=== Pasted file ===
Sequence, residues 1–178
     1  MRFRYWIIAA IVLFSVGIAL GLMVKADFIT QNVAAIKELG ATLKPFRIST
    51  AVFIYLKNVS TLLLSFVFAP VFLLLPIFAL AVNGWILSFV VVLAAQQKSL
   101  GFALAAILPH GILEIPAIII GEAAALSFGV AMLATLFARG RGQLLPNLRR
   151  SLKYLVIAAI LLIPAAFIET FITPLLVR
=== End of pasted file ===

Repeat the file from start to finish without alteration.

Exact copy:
Sequence, residues 1–178
     1  MRFRYWIIAA IVLFSVGIAL GLMVKADFIT QNVAAIKELG ATLKPFRIST
    51  AVFIYLKNVS TLLLSFVFAP VFLLLPIFAL AVNGWILSFV VVLAAQQKSL
   101  GFALAAILPH GILEIPAIII GEAAALSFGV AMLATLFARG RGQLLPNLRR
   151  SLKYLVIAAI LLIPAAFIET FITPLLVR